Thank you for the opportunity to manage your assets.

Sincerely,

Ajay Krishnan and Matthew Dreith

 

The MSCI India Investable Market Index (IMI) covers all investable large, mid and small cap securities across India, targeting approximately 99% of the Indian market’s free-float adjusted market capitalization. You cannot invest directly in this or any index.

Source: MSCI. The MSCI information may only be used for your internal use, may not be reproduced or redisseminated in any form and may not be used as a basis for or a component of any financial instruments or products or indexes. None of the MSCI information is intended to constitute investment advice or a recommendation to make (or refrain from making) any kind of investment decision and may not be relied on as such. Historical data and analysis should not be taken as an indication or guarantee of any future performance analysis, forecast or prediction. The MSCI information is provided on an “as is” basis and the user of this information assumes the entire risk of any use made of this information. MSCI, each of its affiliates and each other person involved in or related to compiling, computing or creating any MSCI information (collectively, the “MSCI Parties”) expressly disclaims all warranties (including, without limitation, any warranties or originality, accuracy, completeness, timeliness, non-infringement, merchantability and fitness for a particular purpose) with respect to this information. Without limiting any of the foregoing, in no event shall any MSCI Party have any liability for any direct, indirect, special, incidental, punitive, consequential (including, without limitation, lost profits) or any other damages. (www.msci.com)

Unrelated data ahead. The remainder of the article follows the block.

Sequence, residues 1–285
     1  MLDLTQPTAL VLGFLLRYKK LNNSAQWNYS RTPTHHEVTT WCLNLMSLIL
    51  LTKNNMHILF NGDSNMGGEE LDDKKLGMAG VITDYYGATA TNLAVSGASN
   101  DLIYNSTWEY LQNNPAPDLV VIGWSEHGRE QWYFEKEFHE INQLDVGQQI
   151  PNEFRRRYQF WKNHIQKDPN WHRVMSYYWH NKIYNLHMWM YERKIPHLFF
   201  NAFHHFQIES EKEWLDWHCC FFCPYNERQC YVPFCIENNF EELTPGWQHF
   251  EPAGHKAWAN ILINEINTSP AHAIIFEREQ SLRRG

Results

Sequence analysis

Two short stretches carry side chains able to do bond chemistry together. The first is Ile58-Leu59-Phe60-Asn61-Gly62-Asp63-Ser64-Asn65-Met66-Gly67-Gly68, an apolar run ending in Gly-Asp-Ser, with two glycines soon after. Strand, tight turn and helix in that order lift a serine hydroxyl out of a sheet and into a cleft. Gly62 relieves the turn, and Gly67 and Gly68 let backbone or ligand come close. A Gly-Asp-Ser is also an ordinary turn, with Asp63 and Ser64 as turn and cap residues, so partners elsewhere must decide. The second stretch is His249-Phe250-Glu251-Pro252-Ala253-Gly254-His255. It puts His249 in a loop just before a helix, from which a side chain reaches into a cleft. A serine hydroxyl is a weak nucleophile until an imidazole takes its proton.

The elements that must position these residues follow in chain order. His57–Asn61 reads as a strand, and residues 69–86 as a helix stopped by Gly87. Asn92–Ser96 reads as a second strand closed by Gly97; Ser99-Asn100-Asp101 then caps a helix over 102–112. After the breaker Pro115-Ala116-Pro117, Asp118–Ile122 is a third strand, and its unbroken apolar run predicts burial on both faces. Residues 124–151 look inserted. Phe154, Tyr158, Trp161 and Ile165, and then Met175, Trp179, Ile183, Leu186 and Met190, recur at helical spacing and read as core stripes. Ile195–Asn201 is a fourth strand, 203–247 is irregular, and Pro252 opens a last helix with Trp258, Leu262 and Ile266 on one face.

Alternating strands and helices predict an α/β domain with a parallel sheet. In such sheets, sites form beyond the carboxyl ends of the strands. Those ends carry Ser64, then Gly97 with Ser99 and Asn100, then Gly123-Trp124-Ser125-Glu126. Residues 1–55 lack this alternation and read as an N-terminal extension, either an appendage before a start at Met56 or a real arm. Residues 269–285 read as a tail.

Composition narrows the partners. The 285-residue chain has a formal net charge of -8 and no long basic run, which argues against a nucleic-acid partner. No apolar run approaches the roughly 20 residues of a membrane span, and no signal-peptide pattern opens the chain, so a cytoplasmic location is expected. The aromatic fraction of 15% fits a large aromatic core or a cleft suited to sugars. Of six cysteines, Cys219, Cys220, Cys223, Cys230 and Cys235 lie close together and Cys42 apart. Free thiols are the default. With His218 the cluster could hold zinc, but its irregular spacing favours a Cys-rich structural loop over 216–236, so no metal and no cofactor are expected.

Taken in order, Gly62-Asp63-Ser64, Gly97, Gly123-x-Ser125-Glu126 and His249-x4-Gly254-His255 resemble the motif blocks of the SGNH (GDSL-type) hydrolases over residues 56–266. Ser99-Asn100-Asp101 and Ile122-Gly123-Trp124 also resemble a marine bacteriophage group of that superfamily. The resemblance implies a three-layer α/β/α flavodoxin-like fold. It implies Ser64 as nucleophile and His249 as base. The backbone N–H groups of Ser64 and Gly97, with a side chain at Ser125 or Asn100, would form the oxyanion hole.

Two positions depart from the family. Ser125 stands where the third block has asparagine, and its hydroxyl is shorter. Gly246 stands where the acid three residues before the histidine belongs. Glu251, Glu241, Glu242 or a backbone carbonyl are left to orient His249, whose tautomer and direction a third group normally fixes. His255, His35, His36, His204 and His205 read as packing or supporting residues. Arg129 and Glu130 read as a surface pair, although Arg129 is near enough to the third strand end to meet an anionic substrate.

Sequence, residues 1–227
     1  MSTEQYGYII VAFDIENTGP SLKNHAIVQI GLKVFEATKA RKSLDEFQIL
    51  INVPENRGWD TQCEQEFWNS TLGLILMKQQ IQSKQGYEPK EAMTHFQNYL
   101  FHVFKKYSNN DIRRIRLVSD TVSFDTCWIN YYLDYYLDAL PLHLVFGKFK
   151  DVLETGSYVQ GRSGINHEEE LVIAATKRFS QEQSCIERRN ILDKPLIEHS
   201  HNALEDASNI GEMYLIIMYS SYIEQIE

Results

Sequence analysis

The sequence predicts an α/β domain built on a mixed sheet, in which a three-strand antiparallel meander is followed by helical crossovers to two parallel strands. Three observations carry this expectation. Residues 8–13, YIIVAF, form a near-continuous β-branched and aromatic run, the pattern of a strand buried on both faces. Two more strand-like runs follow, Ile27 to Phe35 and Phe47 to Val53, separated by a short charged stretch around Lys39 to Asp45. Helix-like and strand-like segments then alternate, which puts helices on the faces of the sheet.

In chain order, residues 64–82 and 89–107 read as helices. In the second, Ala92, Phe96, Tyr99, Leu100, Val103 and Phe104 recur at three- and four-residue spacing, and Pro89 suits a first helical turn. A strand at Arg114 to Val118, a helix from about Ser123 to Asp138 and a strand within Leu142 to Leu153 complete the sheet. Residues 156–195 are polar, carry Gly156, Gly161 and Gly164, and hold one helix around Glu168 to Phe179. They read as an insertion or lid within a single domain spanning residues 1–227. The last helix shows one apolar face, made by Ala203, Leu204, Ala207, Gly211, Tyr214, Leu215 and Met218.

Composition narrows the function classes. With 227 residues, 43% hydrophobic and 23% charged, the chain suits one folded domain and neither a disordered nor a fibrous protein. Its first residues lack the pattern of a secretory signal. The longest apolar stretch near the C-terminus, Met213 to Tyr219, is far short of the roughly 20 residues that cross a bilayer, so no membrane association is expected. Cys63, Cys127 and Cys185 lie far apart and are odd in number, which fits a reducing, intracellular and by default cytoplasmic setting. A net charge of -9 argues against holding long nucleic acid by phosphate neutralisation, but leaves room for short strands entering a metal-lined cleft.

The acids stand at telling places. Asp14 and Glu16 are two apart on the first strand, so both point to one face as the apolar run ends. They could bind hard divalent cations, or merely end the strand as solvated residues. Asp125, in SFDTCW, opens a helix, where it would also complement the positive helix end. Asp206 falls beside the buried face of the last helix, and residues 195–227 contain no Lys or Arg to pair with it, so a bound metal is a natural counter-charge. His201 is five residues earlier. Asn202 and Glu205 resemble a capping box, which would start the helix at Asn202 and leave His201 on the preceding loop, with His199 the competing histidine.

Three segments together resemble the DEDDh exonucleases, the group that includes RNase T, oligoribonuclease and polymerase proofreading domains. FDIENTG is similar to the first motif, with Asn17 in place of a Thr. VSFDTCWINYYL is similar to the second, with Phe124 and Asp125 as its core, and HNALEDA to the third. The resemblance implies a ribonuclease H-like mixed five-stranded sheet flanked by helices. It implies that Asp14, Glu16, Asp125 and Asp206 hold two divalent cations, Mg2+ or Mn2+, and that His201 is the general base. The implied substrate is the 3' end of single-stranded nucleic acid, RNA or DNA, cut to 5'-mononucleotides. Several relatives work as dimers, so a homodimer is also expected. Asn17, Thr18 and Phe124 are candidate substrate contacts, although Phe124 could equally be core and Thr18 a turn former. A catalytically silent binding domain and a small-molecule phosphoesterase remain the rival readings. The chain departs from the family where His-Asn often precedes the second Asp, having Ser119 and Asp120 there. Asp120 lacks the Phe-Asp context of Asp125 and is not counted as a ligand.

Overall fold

CFA® is a trademark owned by CFA Institute.

The Wasatch Emerging India Fund’s investment objective is long-term appreciation of capital.

Gross direct premium income (GDPI) is a statement of the money that an insurer has earned from premiums and eliminates any money that is or will be paid out elsewhere from those premiums.

Gross domestic product (GDP) is a basic measure of a country’s economic performance and is the market value of all final goods and services made within the borders of a country in a year.

The MSCI India Investable Market Index (IMI) covers all investable large, mid and small cap securities across India, targeting approximately 99% of the Indian market's free-float adjusted market capitalization.

 

You cannot invest directly in indexes.

View the Emerging India Fund’s most current Top 10 Holdings

Portfolio holdings are subject to change at any time. References to specific securities should not be construed as recommendations by the Funds or their Advisor.